Second, don't assume that a client recognizes the full value your advice, services and work products. What you may see as an elegant, sustainable and powerful solution to a serious long-standing problem may appear to the client as just another piece of consultant work. If the problem you are solving is not specifically owned by your client sponsor, the perceived value may be low. Beyond noting that the work product was completed on time and budget, clarify and have the client affirm that the deliverable solved a significant problem or captured a significant opportunity. Don't let your work inadvertantly be undervalued.

Tip: Your job as a consultant is to improve the client's condition. Don't leave it to chance that they fully realize that you created real value. If you don't manage their expectations and conclusions, you run the risk of them thinking that you just "delivered work."

© 2011 Institute of Management Consultants USA

Tags:  client relations  client service  customer understanding  disengagement  engagement management  interpretation  referrals 

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#679: Make Sure Your Client Asks You the Right Question

Posted By Mark Haas CMC FIMC, Thursday, October 20, 2011
Updated: Thursday, October 20, 2011
How should a consultant handle a client who, after telling us the nature of the challenges the company faces, asks us to provide services to solve a different set of problems.

Consensus between client and consultant is critical to a successful outcome, and recognition of that success. Presumably the client has brought you in to give an independent and objective view of the challenges and opportunities the client organization faces. If the client has already decided on the symptoms, underlying problems and solutions, then your role as diagnostician is eliminated along with your role as designer of appropriate solutions. If this is the case, the first question is whether you are the right consultant. Consultants provide diagnostic and assessment expertise; if the client just wants you to implement their own solution, they are better off with a contractor.

The second question is whether you and the client have really focused on the right problem. The client or staff may be wedded to a problem definition that may be correct but that leads to a specific solution that is wrong. Most consultants know that the issues clients most often present first do not necessarily represent the full picture. Sometimes dividing (or offering to) an engagement into several parts - diagnosis, design and implementation - can break this thinking and get the client to give you more latitude to help define the issues to be addressed.

Finally, recognize that you both benefit from an orderly discussion from what you are trying to solve through which or where the solution needs to be applied, to how it will be achieved to who (with what resources) is to be accountable for results. Read a short article on a process of how to avoid misdirected projects.

Tip: It is important to have in hand a process to identify ill-defined projects and deal with them before your get too deeply engaged. Know how you can direct the project scoping conversation to either (1) open up a serious debate on fact-based and independent diagnosis or (2) your disengaging from the project respectfully. Don't agree to a project's scope, sequence and content until you and the client agree that you are asking the right question.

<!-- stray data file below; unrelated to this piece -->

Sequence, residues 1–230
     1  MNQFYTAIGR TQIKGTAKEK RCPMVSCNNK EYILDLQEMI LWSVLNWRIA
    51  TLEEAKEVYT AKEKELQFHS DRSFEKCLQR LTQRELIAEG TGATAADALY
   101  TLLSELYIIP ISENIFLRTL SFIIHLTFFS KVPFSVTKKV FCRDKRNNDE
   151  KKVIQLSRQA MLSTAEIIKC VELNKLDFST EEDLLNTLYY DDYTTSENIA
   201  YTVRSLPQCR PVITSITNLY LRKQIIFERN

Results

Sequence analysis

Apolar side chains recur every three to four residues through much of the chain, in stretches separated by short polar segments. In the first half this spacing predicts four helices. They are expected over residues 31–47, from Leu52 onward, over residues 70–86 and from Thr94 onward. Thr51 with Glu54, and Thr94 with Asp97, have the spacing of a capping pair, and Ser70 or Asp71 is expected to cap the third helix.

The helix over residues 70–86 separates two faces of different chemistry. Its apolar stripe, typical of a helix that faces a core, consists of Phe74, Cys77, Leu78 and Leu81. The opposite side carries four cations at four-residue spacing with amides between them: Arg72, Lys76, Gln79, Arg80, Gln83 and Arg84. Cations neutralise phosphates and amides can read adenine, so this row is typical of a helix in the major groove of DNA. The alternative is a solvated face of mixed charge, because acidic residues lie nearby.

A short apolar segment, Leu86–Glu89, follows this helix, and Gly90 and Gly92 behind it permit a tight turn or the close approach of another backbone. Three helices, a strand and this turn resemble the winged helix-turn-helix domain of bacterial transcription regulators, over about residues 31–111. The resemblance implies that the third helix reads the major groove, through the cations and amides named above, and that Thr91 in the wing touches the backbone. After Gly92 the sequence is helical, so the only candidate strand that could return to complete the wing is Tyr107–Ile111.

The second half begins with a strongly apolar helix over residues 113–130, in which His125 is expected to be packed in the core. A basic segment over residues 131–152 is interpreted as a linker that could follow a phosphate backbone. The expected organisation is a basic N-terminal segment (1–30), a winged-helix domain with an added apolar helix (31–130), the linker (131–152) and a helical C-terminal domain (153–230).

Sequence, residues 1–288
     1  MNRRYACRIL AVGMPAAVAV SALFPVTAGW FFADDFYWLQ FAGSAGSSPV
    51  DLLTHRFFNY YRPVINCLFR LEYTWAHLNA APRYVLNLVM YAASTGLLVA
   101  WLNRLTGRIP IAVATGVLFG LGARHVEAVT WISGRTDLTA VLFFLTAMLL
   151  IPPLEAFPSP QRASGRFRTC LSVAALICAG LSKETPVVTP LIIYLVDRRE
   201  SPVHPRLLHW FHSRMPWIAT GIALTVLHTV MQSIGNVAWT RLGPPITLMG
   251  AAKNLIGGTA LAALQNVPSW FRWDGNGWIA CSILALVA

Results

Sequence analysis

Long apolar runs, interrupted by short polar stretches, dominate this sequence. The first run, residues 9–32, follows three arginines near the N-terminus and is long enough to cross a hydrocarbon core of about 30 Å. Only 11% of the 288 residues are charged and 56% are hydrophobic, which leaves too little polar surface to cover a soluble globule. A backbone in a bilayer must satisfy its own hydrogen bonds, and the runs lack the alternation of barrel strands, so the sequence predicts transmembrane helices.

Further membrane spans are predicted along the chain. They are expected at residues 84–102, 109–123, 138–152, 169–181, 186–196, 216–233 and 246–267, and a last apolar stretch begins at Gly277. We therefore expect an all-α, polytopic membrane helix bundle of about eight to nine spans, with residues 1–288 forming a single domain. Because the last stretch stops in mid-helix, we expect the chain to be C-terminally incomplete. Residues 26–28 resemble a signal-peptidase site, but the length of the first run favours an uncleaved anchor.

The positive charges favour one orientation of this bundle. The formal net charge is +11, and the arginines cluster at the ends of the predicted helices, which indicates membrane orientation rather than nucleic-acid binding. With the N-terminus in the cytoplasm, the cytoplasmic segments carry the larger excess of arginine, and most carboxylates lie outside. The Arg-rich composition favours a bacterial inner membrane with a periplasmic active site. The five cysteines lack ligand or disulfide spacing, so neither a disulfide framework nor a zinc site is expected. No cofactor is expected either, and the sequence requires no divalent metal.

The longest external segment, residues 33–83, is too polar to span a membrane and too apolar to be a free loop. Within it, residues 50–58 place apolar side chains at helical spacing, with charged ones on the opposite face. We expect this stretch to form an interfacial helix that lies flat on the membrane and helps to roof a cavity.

© 2011 Institute of Management Consultants USA

Tags:  client relations  customer understanding  diagnosis  engagement management 

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#656: Project Failure Early Warning

Posted By Mark Haas CMC FIMC, Monday, September 19, 2011
Updated: Monday, September 19, 2011
Most consulting engagements go according to plan and deliver great value to the client. However, we all have had projects that go off the rails, either because of something we or others did. How can I know well ahead of time when a project is headed for failure?

One of the best ways to increase the probability of project success is to be vigilant that project failure is right around the corner. Despite our omniscient plan and exceptional project management skills, we do not control all aspects of a project. Client leadership, staff resources, the client company's market, communication miscues, lack of needed skills and other glitches can thwart an otherwise good plan.

Your project management plan, which you must develop jointly with your client, should address project risks explicitly. What if the client cannot provide the specified corporate leadership? What if the needed resources are not made available to you? What if your attempts to work with staff are resisted? What if you are not able to provide sufficient skills or resources to meet your commitments or resolve shortcomings elsewhere in the project? What are the biggest risks to project success and what (specific) mitigation or response steps are you both willing to make?

Tip: No one likes surprises. At the beginning of the engagement and, as often as you mutually deem appropriate, discuss how the project is proceeding and what risks have increased or new ones have surfaced. Make sure each major task area has been assigned as to both responsibility and accountability (often not the same person). This is no time to be either shy or proud. List every risk you can think of. Finally, stay well ahead of the plan by putting in place people and skills needed to assure project completion according to time, budget, quality and outcomes.

© 2011 Institute of Management Consultants USA

Tags:  engagement management  project management  risk analysis